Grow Roses From Seed

Have you ever tried growing roses from seed? If not then you’re missing out on one of the more fun ways to add roses to your garden. The majority of rose you produce will be of a lower quality. Poor color or fragrance, disease prone, or perhaps poorly shaped foliage. But the delight of that first “perfect” rose…. a rose that has never been in existence until you created it, makes all of those failiures worthwhile.

Briar rose seeds
Briar rose seeds by John Tann, on Flickr

The only thing you really need, is patience. It will be up to 2 years before you see the fruits of your labor. Miniatures will tend to bloom in their first year, but many other varieties will take an extra year. But don’t let that stop you, the excitement of a new rose type opening up it’s first flower is fantastic.

Let’s suppose you cross “rose A” into “rose B”. That means you will use the pollen from rose A, and rose B will produce the seeds. The results will be different that if you had crossed the other way. So always try to cross both ways if you can.

Pollinating The Rose

Stamens of the rose
Click to enlarge

There are two part to the rose that concern us. The stamens (male parts) and the stigmas (female parts). The general principle is to collect pollen from the stamens of one flower, and then use that to fertilize the stigmas of another. Sounds simple? It is!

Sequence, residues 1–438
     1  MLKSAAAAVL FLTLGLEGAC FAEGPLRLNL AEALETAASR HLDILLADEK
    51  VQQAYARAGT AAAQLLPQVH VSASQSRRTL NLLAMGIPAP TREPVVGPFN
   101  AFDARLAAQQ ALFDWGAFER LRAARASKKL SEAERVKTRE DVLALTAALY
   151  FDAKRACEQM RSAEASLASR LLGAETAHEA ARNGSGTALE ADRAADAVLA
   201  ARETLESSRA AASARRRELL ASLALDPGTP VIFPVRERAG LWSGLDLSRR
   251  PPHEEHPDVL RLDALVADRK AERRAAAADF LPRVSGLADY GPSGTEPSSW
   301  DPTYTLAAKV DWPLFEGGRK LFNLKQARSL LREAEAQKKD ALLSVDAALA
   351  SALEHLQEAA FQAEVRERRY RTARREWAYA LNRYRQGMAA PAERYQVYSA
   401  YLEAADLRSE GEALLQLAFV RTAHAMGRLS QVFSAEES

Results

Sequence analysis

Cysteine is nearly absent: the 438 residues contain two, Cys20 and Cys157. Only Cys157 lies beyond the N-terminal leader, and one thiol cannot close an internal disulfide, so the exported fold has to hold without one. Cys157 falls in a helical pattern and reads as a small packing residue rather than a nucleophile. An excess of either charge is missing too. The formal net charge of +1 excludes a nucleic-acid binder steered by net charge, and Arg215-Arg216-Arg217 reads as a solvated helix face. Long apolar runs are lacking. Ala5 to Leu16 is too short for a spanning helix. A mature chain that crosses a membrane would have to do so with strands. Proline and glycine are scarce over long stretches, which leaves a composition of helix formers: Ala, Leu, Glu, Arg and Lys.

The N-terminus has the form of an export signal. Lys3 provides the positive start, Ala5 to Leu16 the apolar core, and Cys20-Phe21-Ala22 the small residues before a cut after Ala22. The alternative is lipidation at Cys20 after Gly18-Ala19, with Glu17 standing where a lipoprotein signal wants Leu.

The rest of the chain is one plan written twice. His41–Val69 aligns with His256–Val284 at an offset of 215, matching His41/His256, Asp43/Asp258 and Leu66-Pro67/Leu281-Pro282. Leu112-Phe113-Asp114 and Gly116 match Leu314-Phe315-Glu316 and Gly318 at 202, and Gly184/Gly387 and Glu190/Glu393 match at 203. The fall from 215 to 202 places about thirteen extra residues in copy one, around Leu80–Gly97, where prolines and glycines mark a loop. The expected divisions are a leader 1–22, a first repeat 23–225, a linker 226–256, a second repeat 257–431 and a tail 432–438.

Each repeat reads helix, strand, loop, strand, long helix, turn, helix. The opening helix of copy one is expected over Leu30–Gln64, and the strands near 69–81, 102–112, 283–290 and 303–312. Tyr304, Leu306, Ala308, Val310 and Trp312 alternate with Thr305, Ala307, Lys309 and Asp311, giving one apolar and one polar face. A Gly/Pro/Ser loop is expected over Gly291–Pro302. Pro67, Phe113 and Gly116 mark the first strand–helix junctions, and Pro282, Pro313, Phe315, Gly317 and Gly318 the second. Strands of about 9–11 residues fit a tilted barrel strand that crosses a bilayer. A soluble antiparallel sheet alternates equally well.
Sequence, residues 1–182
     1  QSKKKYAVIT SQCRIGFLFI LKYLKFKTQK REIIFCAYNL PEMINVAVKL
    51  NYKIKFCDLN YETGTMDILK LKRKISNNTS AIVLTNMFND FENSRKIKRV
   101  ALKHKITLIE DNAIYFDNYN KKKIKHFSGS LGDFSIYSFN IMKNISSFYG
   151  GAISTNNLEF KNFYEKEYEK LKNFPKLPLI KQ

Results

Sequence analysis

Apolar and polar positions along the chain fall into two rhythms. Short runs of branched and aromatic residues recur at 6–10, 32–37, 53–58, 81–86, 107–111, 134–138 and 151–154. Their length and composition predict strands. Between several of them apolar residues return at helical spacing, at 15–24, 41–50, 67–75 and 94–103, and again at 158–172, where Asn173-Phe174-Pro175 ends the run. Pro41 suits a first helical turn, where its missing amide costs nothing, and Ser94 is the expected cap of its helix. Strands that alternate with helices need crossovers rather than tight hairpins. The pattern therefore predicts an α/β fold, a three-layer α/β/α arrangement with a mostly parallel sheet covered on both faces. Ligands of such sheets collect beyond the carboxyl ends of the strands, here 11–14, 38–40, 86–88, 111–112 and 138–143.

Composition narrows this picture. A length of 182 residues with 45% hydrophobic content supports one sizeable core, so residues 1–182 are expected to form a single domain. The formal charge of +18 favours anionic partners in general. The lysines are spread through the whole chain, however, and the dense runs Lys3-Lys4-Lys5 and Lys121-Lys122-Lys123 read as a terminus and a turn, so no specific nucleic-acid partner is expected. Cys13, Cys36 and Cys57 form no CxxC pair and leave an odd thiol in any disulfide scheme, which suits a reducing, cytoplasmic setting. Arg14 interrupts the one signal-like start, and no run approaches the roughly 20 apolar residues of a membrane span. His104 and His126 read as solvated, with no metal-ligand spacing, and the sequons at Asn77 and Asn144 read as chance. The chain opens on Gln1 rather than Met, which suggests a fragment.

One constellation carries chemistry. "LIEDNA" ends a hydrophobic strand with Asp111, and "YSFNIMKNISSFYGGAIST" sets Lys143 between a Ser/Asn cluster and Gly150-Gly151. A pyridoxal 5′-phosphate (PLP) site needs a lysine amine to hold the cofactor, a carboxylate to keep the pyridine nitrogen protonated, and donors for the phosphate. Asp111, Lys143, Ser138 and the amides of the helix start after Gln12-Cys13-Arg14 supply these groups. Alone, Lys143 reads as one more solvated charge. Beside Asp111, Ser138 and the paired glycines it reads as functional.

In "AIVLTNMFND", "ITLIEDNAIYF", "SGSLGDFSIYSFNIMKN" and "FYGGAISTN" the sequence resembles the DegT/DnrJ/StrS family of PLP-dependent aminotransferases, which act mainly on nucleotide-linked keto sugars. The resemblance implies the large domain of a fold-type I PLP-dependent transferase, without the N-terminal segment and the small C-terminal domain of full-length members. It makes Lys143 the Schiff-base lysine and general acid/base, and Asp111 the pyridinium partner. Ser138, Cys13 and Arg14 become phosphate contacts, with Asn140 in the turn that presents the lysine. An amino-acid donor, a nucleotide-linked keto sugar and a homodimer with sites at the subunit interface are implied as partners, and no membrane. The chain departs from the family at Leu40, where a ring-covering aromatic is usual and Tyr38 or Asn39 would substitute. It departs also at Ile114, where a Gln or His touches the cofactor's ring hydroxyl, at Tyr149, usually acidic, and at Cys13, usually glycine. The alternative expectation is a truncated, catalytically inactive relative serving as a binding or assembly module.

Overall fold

Step 1. Collect the pollen
Choose a rose flower that has just opened, and strip all the petals off. Now you have a clear view of the stamens – these need to be clipped off and stored in a paper envelope, or a jar lid. Put them somewhere warm overnight, so they dry out and drop their pollen.

Step 2. Prepare the flower to be pollinated
You are looking for a flower that is on the verge of opening. That way, the stigmas should be ready, but hopefully no insects have been inside yet to pollinate it. Strip off all the petals and stamens, then dab a little pollen on the stigmas.

I like to cover the pollinated flower with a small plastic bag at this point. Just secure it at the base with a twist tie. This stop any insects getting onto the stigmas. Usually I leave the bag on for a week or so, then remove it. You should also put a nametag on the stem, so you know what pollen was used.

Step 3. Collect the hips
Midsummer is the ideal time to pollinate the rose. With any luck, the hips will start to swell, and will be ready to harvest in early autumn (fall). Some people plant the seed straight away, but I feel ‘stratifying” the seed will give you a much better germination rate.

Step 4. Stratify the seeds
That’s just a fancy name for chilling them Rose seeds need that cold period, in order to trigger the germination process. Stratifying is basically mimicking the winter conditions. Strip the seeds from the hips, and place in a jar of moist sand. This is placed in the fridge until early spring. I put in a layer of sand, then a layer of seeds, another layer of sand, and so on until the jar is full.

Step 5. Plant out the seeds
Once the outside temperature has warmed up a little, then I plant the seeds out in the same way as any other seeds. I prefer to use individual peat pots, and keep them in a cold frame until they have germinated. They wont be planted out in the garden until they have several sets of true leaves.